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9 - Amending an Unwritten Constitution: Comparative Perspectives

Published online by Cambridge University Press:  13 October 2022

Richard Albert
Affiliation:
University of Texas, Austin
Ryan C. Williams
Affiliation:
Boston College, Massachusetts
Yaniv Roznai
Affiliation:
Harry Radzyner School of Law, Interdisciplinary Center Herzliya
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Summary

In this chapter, the author offers a comparative outlook on whether and how we might understand the act of “amending” America’s unwritten Constitution. Drawing upon examples from the United States and the United Kingdom, the author argues that the unwritten rule for amending an unwritten constitution is “Just Do It.” Unwritten constitutions are amended when relevant political actors simply ignore existing conventions or taken-for-granted propositions about the constitutional order. But, for such an action to lead to an “amendment,” the change must “stick” – subsequent actors must either treat the prior convention as now merely optional or, more strongly, treat the new practice as a new convention. One condition for “sticking,” he explains, is that those who breach the prior convention offer an explanation for the breach that (a) seems reasonable at the moment of breach and that (b) identifies a large enough class of similar occasions for breach in which departing from the convention would also seem reasonable. Such explanations provide the basis for the sense of obligation (or, sometimes, the sense of “optionality”) that characterizes elements of unwritten constitutions.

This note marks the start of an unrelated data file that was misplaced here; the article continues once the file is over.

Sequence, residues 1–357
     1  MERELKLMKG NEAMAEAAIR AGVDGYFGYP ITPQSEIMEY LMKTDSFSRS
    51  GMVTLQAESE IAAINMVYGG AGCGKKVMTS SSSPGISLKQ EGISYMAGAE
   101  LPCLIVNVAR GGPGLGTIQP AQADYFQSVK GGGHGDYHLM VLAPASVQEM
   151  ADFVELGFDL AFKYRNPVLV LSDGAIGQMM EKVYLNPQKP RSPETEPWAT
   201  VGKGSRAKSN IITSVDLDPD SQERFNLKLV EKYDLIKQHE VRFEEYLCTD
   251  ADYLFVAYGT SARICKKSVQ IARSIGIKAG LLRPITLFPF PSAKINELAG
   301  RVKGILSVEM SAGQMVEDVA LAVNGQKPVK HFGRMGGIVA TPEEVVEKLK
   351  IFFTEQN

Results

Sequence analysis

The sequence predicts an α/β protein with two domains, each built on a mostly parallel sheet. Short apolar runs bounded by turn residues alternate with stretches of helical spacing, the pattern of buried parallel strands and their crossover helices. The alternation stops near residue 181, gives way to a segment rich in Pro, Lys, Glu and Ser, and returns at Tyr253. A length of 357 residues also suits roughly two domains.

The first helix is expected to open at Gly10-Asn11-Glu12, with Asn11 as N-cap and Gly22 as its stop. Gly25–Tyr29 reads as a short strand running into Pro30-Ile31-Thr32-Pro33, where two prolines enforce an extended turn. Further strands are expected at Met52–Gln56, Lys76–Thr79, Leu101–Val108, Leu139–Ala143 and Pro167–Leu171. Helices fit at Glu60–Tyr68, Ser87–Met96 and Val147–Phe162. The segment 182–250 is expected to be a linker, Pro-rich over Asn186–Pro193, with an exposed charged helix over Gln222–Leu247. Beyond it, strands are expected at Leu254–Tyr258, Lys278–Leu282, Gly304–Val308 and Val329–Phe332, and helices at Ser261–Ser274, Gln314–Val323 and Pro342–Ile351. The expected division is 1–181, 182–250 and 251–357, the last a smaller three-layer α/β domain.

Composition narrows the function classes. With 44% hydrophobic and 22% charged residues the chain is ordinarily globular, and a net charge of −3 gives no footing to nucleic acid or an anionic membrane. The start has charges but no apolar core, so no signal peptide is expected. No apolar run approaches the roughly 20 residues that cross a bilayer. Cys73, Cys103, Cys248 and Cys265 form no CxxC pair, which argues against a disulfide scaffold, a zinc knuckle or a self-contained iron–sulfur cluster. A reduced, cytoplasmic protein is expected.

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Publisher: Cambridge University Press
Print publication year: 2022

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